What Exactly Is in Ranch Dressing Mix?
Ranch’s full potential, unlocked.
Ranch dressing was invented by a Nebraska cowboy-turned-entrepreneur named Steve Henson. When he and his wife, Gayle, founded Hidden Valley Ranch, a dude ranch just outside of Santa Barbara, they served Steve’s trademark buttermilk-and-herb dressing to their guests. Before long, customers began requesting the recipe and asking for jars of the tangy dressing to bring home with them. To satisfy demand, Henson started mailing packets of spices and dried herbs — his ranch mix — to devoted fans. Hidden Valley Ranch ultimately became a mail-order business, then was acquired, leading to the launch of bottled dressings in the 1980’s and later seasoning shakers.
Though many companies make ranch mix, the Hidden Valley Ranch name remains synonymous with ranch dressing, which probably explains why its Original Ranch Salad Dressing & Seasoning Mix remains the number-one selling ranch mix. Clorox, which owns HVR, divulges only that the dry mix includes a blend of herbs, spices and buttermilk; all you need to add is milk and mayo to get a taste of the original ranch dressing. Based on some of the homemade ranch seasoning recipes (see below), it’s safe to say that the herbs likely include dried parsley, dill and chives. Other ingredients listed on the packet’s label include maltodextrin (a food additive that’s often used to extend shelf-life), salt, monosodium glutamate (aka MSG, which no doubt imparts a dose of umami) and dried onion and garlic. There are a few more ingredients on the label, though most mysteriously are “natural flavor” and “artificial flavor,” of which each packet contains less than one percent.
It’s safe to say that Americans can’t get enough of ranch. Besides using it to top salads, ranch has become the country’s favorite salad dressing, thanks in no small part to its usefulness as a dip, for just about everything from chicken wings to pizza crusts to veggies. Many home cooks have discovered powdered ranch mix’s potential as a ready-made seasoning for cooking, too, using it to add a zesty punch to dishes such as baked chicken, mashed potatoes, mac and cheese and meatloaf.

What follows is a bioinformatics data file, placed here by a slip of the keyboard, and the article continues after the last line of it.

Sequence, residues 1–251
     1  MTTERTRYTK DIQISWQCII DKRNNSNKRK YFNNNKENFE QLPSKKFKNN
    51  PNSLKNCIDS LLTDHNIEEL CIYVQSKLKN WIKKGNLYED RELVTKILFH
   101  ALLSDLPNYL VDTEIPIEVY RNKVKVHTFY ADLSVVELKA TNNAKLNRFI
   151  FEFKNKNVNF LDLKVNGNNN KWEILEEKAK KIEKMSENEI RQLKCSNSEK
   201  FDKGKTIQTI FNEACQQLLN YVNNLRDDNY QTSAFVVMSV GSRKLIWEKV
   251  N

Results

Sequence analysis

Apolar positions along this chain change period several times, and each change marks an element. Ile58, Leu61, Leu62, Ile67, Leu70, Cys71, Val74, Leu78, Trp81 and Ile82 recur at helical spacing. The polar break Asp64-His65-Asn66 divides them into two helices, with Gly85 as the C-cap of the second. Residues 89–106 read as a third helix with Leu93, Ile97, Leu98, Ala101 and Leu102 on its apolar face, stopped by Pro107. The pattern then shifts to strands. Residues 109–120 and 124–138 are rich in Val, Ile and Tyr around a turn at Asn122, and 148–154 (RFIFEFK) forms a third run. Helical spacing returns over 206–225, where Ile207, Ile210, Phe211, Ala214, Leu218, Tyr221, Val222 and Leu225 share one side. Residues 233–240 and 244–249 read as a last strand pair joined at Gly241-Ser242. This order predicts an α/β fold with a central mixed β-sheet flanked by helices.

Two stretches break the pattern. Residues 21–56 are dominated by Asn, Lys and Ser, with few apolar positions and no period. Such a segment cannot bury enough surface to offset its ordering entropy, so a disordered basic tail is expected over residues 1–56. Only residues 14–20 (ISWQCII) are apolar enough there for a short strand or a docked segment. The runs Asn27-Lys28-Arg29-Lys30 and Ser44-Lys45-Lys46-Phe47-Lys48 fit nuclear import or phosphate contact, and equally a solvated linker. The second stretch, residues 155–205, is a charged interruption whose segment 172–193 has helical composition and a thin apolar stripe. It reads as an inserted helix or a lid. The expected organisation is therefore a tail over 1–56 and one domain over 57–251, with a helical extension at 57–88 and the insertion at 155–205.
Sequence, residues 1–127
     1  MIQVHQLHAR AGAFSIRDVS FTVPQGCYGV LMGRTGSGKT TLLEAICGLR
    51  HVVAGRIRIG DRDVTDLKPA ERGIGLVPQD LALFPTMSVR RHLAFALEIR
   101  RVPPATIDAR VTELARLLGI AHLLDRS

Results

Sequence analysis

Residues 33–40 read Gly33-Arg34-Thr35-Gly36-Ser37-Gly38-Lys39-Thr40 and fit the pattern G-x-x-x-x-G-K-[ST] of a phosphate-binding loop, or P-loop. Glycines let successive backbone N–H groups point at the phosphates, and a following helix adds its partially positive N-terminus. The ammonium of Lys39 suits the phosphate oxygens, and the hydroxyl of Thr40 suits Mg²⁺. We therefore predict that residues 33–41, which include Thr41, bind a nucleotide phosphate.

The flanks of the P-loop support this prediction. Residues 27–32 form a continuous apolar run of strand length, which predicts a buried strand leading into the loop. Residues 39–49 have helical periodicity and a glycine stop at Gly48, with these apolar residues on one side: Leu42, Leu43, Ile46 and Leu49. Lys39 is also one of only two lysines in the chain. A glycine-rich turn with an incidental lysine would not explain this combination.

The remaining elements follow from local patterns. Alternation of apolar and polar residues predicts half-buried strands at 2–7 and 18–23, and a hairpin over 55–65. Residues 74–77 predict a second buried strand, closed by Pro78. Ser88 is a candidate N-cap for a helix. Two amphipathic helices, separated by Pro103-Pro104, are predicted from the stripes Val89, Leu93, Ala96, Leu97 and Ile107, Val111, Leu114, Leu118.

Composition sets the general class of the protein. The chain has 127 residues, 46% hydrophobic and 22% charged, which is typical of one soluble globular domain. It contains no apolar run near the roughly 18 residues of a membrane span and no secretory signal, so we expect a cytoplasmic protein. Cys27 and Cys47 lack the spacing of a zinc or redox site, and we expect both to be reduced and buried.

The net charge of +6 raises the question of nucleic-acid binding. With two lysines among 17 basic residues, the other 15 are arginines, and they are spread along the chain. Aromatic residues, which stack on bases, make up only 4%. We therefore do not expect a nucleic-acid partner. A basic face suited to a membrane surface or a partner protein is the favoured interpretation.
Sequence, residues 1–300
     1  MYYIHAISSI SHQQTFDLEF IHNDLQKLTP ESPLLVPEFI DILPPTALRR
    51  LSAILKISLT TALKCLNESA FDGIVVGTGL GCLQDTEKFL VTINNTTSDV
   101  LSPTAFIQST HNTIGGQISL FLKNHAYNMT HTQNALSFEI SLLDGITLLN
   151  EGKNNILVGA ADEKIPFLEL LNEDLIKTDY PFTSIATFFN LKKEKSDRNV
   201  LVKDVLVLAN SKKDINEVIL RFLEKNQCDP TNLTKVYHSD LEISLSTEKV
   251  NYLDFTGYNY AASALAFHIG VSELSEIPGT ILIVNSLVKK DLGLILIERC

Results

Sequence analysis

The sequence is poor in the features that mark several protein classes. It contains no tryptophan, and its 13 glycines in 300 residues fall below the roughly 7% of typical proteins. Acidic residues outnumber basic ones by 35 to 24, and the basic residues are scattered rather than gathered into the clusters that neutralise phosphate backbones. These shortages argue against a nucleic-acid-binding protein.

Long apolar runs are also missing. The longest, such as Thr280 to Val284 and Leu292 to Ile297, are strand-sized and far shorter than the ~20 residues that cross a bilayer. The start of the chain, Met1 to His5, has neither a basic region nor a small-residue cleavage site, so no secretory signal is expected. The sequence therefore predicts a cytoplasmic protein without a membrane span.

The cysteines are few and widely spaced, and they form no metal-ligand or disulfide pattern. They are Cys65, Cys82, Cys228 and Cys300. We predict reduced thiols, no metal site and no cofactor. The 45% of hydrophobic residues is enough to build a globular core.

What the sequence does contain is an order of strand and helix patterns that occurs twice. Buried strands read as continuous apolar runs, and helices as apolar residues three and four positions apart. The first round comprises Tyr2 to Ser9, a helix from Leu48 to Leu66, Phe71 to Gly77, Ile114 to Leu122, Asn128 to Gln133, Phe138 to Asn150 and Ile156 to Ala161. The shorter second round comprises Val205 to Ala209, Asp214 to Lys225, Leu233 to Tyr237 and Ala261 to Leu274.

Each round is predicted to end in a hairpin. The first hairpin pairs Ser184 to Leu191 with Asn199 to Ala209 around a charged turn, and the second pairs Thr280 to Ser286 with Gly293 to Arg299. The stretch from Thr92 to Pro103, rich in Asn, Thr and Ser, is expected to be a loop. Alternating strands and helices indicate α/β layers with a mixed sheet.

Here are some of our favorite recipes that prove that ranch dressing mix is no one-trick dip.
This quick and easy Cooking Channel recipe (pictured above) calls for cayenne to create a spicy take on classic ranch mix, made with dried herbs and buttermilk powder. Sprinkle it on roasted cauliflower, or on popcorn, for an inventive take on the theater snack.
This homemade ranch seasoning recipe calls for a flurry of chopped fresh parsley (and/or dill), chopped fresh chives, plus a duo of garlic and onion powders to approximate the savory, herbaceous bite of the powdered stuff. Half the mix seasons the flour mixture used to dredge zucchini rounds before baking, while the other half is whisked together with buttermilk, mayonnaise and vinegar to make a dip for the fries.
We imagine this fried chicken tastes like its already been dunked in a side of ranch, thanks to a double-layer of ranch-inspired seasonings. A medley of spices including fresh thyme, paprika, onion powder, garlic powder and cayenne spruce up a buttermilk-and-mayo based marinade, while freshly chopped chives, thyme and paprika add an herbaceous pop to the breadcrumb-based dredge mixture.
Step aside, salsa. Ree’s taquitos call for a ranch-inspired sour cream dip using cilantro, dill, chile powder, garlic and a bit of hot sauce.
This hearty recipe calls for both powdered ranch dressing mix and taco seasoning mix, which lends a big pot of ground beef, beans, tomatoes and green chiles a nicely spiced, creamy bite. Sour cream is among the list of suggested garnishes, but we’d gild the lily with a dollop of ranch.